In Group D, the average intraocular pressure in the right eye before treatment was 16.21 mm Hg which fell to 16.03 mm Hg, thus showing a fall of O. 18 mm Hg In the left eye, the average intraocular pressure before the start of the procedure was 16.08 mm Hg which fell to 15.72 trim Hg thus showing a fall of0.36 mm Hg (Bar Chart). This fall in intraocular tension was not statistically significant in both eyes

No side effects were observed in any of the groups, and there was no change in pulse, blood pressure and respir­ation.


  Discussion Top


In our study, in Group A, the maximum fall in intra­ocular tension from the base line was 8.4 mm Hg, the minimum fall recorded was 2.7 mm Hg, while two eyes had no fall in intraocular tension and the overall average fall in intraocular pressure was 4.67 mm Hg, in the right eye and 4.07 mm Hg, in the left eye. This fall in intraocular tension was statistically significant up to 0.1 % in both eyes In a similar study by Lichter et a1 [6], the average fall in intraocular pressure was 3.6 mm Hg in the right eye and 3.4 mm Hg in the left eye, which is less than that in our study. In Group C, the average fall in intraocular tension after treatment was 4.41 mm Hg, in the right eye and 4.15 mm Hg, in the left eye but this fall was more than that obtained by Lichter et a1 [6] which was 3.1 mm Hg, in each eye. In both Group A and Group C, the fall in intraocular tension was almost identical and statistically significant up to 0.1% in both eyes These results show that whether indomethacin tablets or placebo tablets are given, the fall in intraocular tension with timolol maleate is identical. The results in our study are identical to those of Lichter et al [6] in their later study i.e. there was no attenuation of effect of timolol on, intraocular tension in the presence of indomethacin.

In a study on 24 healthy normal subjects, Lichter et a1 [5] showed that a statistically significant drop in intraocular pressure was obtained in the group receiving timolol maleate eye drops alone and that this effect was attenu­ated with the addition of indomethacin. Later on, Lichter et al [l] in a randomized, double masked, crossover study of nine healthy subjects showed an average fall in intraocular pressure of 3.6 mm Hg, in the right eye and 3.4 mm Hg, in the left eye with timolol and placebo; the average fall in intraocular pressure with timolol and indomethacin was 3.1 mm Hg, in both eyes and this concluded that simultaneous administration of timolol maleate eye drops and indomethacin is entirely without risk of attenuation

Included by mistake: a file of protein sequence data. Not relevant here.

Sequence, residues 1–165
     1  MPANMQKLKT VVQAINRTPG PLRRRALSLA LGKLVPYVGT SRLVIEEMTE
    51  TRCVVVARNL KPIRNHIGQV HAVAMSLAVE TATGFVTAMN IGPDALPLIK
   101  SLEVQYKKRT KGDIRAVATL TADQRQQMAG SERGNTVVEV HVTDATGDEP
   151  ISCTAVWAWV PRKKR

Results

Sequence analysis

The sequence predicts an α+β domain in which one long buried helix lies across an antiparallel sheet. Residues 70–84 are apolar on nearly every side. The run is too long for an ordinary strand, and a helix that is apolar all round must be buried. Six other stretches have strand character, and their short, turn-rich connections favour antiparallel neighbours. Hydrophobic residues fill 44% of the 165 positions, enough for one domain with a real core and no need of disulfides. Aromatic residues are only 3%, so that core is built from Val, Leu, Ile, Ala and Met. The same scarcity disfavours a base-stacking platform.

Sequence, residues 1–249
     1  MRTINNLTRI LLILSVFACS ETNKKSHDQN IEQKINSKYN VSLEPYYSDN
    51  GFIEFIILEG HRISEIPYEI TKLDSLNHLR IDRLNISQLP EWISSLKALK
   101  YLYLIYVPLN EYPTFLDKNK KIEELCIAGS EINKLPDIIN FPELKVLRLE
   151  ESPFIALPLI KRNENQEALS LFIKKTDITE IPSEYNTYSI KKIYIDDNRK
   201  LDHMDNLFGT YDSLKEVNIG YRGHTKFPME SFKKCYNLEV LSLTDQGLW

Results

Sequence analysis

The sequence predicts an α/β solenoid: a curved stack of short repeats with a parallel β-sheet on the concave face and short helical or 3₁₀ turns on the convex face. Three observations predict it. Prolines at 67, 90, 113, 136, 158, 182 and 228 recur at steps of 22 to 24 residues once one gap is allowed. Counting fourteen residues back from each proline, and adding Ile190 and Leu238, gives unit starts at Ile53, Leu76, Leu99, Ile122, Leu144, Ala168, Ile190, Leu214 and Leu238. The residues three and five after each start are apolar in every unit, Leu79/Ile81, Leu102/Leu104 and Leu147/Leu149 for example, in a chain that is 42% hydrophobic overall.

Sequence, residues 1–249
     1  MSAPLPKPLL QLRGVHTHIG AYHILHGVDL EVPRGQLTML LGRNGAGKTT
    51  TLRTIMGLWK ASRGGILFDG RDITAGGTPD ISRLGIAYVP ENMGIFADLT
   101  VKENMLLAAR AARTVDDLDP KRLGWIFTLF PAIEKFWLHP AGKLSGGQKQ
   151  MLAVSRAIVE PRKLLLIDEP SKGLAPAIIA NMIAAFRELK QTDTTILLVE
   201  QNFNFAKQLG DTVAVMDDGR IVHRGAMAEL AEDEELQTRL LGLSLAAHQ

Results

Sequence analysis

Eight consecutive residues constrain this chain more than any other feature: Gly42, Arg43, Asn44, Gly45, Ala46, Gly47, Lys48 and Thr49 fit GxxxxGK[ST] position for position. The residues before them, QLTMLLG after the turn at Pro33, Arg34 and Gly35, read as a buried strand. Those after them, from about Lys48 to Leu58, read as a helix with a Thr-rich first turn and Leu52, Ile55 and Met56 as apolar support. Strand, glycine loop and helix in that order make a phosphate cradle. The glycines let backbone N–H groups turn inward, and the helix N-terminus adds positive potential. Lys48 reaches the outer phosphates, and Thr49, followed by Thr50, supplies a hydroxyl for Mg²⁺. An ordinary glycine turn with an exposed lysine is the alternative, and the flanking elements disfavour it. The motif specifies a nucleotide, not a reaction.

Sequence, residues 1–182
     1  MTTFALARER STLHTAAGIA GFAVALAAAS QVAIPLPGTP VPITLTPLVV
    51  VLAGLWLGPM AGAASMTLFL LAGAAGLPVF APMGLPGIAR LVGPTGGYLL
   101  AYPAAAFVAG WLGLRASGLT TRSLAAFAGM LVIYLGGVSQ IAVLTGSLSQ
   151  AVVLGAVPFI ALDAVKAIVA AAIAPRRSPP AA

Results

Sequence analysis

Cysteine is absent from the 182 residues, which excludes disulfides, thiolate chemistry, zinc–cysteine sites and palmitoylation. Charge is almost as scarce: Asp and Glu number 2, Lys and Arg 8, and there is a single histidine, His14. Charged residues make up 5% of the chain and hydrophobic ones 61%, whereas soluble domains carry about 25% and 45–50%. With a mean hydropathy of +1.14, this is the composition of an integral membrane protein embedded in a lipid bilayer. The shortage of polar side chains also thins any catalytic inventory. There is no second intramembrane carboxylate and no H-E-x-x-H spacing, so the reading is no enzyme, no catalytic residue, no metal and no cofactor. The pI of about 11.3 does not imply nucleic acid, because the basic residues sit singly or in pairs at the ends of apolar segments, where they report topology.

In Group B of our study, the mean base-line intraocular pressure at the start of the procedure was 16.36 mm Hg, in the right eye and 16.26 mm Hg, in the left eye and after giving indomethacin tablets and placebo drops the average fall of intraocular tension was 0.66 mm Hg, in right eye and 0.54 mm Hg, in the left eye and this fall was statistically insignificant BaikofL Charbonnel and Kremer' suggested that during ocular inflammation prostaglandin, PGF 2 and PGE 2 were increased and this might be accompanied by a decrease in intraocular pressure and a potent cyclo- oxygenase inhibitor such as indomethacin might be expected to cause an increase in intraocular pressure, independent of any effect of timolol. In our study indomethacin showed no change on intraocular pressure. This observation is similar to that of a separate study by Lichter et al [6] who showed that in six volunteers the administration of indomethacin 25 mg. three times a day for three days alone did not result in a significant change in intraocular pressure.

In Group D of our study (where placebo drops and placebo tablets were used) the average fall in intraocular pressure was O.18 mm Hg, and0.36 mm Hg, in the right and left eye respectively, but this fall in intraocular pressure was not statistically significant as this can be due to a variation in the intraocular pressure[7].

 
  References Top

1.
Waitzman M. B., King C. D., prostaglandin influence on intraocular pressure and pupil size. Am J. Physiology. 212(2) : 329-334, 1967.  Back to cited text no. 1
    
2.
Beitch RR, Eakins KE., the effects of prostaglandins on the intraocular pressure of rabbit Brit J. Pharmacology. 37 : 158, 1969.  Back to cited text no. 2
    
3.
Waitzman M. B., topical indomethacin in treatment and prevention of intraocular inflammation with special reference to lens extraction and cystoid macular oedema Ann. Ophthal. 11 (3), 489-91, March, 1979.  Back to cited text no. 3
    
4.
Watkins, J; Abet E.C; Hensby C WebsterJ; Dollery C.T., attenuation of hypotensive effect of propranolol and thiazide diuretics by indomethacin. Brit Med. J. 281 : 702, 1980.  Back to cited text no. 4
    
5.
Lichter M, Feldman F, Cohen M. M., Clark L Effect on intraocular pressure of indomethacin and timolol maleate in normal subjects. Am. J. Ophthal. 96 :380, 1983.  Back to cited text no. 5
    
6.
Uchter M, Feldman F, Cohen M. M., Clark L, effect of indomethacin on the ocular hypotensive action of timolol maleate. Am J. Ophthai 98: 79-81, 1984.  Back to cited text no. 6
    
7.
Baikofl G; Charbonnel, B and Kremmer, M. Dosage des prostag­landins dens I humeur aqueuse humaine apres implant intraocu­laire. J. Fr. Ophthal 4 : 592, 1981.  Back to cited text no. 7
    


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Introduction
Material and Methods